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  1. #1
    English4everyone is offline Member
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    hasty / hurried / rushed

    Which combination is correct and more natural?
    A hasty person
    A hurried person
    A rushed person

  2. #2
    Tdol is offline Editor, UsingEnglish.com
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    Re: hasty / hurried / rushed

    In what context? Are you talking in general or about a single occasion? A person in a rush/hurry sound more natural to me

  3. #3
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    emsr2d2 is offline Moderator
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    Re: hasty / hurried / rushed

    Please give us an example sentence with your words in and we can comment.
    Remember - if you don't use correct capitalisation, punctuation and spacing, anything you write will be incorrect.

  4. #4
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    BobK is offline Harmless drudge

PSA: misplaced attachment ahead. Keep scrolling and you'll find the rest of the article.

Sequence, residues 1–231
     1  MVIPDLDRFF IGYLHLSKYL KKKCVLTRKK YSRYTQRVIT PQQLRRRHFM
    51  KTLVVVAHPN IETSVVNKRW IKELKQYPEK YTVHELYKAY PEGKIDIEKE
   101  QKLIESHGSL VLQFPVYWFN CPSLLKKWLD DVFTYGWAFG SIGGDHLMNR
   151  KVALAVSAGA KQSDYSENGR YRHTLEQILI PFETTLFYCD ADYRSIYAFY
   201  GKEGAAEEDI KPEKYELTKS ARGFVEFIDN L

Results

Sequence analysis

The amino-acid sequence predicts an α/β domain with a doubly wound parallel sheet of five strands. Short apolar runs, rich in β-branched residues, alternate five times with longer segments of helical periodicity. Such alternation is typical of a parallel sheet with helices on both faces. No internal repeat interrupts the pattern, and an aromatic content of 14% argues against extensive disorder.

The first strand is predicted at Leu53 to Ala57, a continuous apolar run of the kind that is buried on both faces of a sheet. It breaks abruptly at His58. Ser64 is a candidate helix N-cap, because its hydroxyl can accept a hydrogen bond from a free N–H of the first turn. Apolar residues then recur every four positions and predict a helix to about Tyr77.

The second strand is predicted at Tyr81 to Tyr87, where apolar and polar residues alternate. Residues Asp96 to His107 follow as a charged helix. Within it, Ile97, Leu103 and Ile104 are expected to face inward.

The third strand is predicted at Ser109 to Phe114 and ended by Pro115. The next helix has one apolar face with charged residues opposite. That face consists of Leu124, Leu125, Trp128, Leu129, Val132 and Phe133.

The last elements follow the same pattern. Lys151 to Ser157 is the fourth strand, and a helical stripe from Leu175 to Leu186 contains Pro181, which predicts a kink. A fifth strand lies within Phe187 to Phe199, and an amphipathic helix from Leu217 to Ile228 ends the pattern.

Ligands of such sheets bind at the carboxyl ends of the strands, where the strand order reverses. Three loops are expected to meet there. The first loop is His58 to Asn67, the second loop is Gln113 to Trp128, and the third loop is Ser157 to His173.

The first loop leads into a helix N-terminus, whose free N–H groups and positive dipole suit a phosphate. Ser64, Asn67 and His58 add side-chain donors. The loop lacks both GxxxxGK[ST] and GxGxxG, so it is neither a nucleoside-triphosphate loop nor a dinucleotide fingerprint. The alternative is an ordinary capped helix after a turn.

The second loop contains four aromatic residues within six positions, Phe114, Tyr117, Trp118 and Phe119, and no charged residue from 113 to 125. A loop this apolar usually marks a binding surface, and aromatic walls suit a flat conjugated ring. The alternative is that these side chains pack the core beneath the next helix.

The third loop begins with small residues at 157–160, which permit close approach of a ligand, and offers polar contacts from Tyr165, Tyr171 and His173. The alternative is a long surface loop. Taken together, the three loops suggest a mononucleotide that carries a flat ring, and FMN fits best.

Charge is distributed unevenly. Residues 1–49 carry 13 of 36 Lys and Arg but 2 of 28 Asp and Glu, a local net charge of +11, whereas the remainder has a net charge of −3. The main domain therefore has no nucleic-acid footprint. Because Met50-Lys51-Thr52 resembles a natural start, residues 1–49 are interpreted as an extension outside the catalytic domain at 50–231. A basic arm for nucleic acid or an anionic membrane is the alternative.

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    Re: hasty / hurried / rushed

    - although generally it is unusual to describe a person as 'hurried': actions done by a person in a hurry are hurried.

    b

    PS And come to think of it, actions done by a person in a rush are rushed. So, while all the posts calling for context are well justified, it is safe to say that hasty/person is the best collocation.
    Last edited by BobK; 15-Jan-2013 at 13:29. Reason: Added PS

  5. #5
    English4everyone is offline Member
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    Re: hasty / hurried / rushed

    Ok, for example:
    My best friend always does everything as fast as possible. But it doesn't mean he does it in the best way. Sometimes he goofs up. I think he is always in a rush. But the worst part of his personality is his speaking super fast. When he is excited and speaks, nobody can understand him.
    So he is a hasty / hurried / rushed man.

  6. #6
    BobK's Avatar
    BobK is offline Harmless drudge
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    Re: hasty / hurried / rushed

    None of those. As I said, only 'hasty' collocates with person, but a hasty person is not one who speaks in any special way; and besides, 'speaking hastily' is speaking without thinking.

    b

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